Blood Splattered Bengal: The Spectacular Spurting Blood of the Bangladeshi Cinema

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The contemporary Bangladeshi cinema is stained red by the enthusiastic use of fake blood that erupts from bodies pictured in fist fights, gun battles and sword attacks. In this article, I draw on my ethnographic fieldwork in the Bangladesh film industry to illustrate the spurting of fake blood in two popular film genres: mainstream action cinema and straight-to-VCD rural crime stories (kiccha pala VCDs). I suggest that the affective intensity ascribed to blood by film insiders points to the capacity of blood to lend force to the protean and submerged discourses of contemporary Bangladesh presented in these blood-splattered genres. These film forms make use of the excessive and abject quality inherent in this bodily tissue as well as interacting with more regimented and metaphoric uses of blood in the political aesthetics of contemporary Bangladesh that they recycle and pervert.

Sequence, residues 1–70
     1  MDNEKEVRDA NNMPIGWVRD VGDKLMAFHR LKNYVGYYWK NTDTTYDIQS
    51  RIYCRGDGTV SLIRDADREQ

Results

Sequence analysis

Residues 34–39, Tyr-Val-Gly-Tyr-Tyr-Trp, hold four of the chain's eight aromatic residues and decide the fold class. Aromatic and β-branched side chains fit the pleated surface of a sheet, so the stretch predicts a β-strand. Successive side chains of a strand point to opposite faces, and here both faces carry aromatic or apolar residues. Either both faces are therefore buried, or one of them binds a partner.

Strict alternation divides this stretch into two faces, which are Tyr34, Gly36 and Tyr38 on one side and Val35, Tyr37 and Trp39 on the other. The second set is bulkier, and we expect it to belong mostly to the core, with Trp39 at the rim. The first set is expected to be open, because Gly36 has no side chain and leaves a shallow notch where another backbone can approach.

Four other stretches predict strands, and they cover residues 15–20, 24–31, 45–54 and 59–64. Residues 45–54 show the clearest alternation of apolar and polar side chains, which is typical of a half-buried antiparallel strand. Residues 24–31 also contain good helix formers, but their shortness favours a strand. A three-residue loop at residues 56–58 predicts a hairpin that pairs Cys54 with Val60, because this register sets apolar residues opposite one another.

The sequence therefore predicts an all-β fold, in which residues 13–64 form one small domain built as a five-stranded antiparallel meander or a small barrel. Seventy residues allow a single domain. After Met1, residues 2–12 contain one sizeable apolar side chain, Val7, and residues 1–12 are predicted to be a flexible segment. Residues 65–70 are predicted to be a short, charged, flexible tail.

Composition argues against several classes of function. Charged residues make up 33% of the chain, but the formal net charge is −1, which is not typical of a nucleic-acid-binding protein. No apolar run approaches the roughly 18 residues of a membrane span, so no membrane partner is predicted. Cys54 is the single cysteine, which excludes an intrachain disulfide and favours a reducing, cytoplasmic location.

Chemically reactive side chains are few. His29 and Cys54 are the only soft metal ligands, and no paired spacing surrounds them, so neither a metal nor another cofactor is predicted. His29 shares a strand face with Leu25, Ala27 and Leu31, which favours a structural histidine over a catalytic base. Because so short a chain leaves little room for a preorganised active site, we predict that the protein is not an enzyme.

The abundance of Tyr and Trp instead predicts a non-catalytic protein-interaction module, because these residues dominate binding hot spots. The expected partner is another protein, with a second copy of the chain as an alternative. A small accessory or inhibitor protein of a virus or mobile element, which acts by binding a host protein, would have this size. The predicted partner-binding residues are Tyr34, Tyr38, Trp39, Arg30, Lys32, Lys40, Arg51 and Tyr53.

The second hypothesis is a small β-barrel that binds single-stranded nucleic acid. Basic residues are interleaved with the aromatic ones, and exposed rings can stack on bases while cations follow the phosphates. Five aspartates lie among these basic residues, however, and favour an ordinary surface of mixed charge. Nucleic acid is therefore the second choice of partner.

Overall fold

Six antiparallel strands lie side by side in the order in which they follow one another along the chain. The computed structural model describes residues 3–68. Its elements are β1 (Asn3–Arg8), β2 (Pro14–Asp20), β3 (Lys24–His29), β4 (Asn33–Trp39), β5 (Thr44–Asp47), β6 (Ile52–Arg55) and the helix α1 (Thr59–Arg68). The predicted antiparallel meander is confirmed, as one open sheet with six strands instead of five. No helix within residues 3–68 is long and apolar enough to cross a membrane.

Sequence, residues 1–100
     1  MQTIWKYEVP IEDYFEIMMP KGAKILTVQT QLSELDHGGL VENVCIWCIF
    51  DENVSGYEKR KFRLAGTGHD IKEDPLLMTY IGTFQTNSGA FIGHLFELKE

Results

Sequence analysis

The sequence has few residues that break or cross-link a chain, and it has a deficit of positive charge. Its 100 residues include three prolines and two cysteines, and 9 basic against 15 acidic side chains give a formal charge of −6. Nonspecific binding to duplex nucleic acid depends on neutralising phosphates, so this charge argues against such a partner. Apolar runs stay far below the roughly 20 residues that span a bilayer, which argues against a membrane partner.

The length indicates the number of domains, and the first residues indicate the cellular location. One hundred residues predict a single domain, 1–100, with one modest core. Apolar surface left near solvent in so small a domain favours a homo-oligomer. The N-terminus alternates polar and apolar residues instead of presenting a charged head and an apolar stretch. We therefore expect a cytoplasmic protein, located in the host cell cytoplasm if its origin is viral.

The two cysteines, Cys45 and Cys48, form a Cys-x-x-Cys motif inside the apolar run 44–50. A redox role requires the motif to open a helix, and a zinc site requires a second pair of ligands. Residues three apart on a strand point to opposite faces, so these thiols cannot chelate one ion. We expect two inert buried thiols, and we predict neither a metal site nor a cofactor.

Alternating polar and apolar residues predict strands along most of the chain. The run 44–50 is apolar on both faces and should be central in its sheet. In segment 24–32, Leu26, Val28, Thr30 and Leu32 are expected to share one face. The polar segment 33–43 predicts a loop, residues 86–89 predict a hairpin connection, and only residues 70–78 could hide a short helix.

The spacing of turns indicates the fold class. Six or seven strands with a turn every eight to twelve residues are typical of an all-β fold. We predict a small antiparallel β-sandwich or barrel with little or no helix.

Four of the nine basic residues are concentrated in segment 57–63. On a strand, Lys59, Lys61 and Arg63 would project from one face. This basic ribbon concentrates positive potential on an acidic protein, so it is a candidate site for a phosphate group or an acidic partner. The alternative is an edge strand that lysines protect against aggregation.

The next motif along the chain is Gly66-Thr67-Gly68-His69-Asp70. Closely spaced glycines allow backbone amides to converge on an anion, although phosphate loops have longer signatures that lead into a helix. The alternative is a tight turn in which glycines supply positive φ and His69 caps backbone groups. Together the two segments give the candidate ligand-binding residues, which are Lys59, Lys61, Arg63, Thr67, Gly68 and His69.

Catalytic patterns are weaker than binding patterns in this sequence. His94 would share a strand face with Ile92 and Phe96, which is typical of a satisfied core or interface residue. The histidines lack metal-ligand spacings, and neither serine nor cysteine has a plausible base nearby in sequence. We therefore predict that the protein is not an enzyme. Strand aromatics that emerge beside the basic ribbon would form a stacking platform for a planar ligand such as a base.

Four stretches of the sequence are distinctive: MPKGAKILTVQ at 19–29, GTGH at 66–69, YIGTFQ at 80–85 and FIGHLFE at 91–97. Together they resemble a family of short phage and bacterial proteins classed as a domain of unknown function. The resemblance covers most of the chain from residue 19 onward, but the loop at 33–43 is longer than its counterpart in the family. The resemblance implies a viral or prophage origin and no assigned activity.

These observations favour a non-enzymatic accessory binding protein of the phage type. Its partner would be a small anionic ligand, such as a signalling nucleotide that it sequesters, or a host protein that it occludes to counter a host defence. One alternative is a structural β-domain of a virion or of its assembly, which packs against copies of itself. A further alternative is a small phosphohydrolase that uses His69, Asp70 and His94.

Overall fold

Original languageEnglish
Pages (from-to)214-229
JournalContemporary South Asia
Issue number3
Early online date9 Sep 2013
Publication statusPublished - 2013


  • fake blood
  • action cinema
  • Bangladesh
  • political aesthetics
  • kiccha pala VCDs


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